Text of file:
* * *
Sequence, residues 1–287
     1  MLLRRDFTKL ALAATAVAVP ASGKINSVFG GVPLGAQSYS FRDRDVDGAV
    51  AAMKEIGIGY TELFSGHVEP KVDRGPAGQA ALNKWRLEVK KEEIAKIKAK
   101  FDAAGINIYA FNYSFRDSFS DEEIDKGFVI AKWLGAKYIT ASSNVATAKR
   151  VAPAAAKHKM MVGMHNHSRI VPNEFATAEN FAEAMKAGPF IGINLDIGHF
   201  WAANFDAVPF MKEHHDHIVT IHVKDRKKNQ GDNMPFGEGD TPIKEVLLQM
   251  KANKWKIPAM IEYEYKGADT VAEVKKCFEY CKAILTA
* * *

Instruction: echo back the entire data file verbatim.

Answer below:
Sequence, residues 1–287
     1  MLLRRDFTKL ALAATAVAVP ASGKINSVFG GVPLGAQSYS FRDRDVDGAV
    51  AAMKEIGIGY TELFSGHVEP KVDRGPAGQA ALNKWRLEVK KEEIAKIKAK
   101  FDAAGINIYA FNYSFRDSFS DEEIDKGFVI AKWLGAKYIT ASSNVATAKR
   151  VAPAAAKHKM MVGMHNHSRI VPNEFATAEN FAEAMKAGPF IGINLDIGHF
   201  WAANFDAVPF MKEHHDHIVT IHVKDRKKNQ GDNMPFGEGD TPIKEVLLQM
   251  KANKWKIPAM IEYEYKGADT VAEVKKCFEY CKAILTA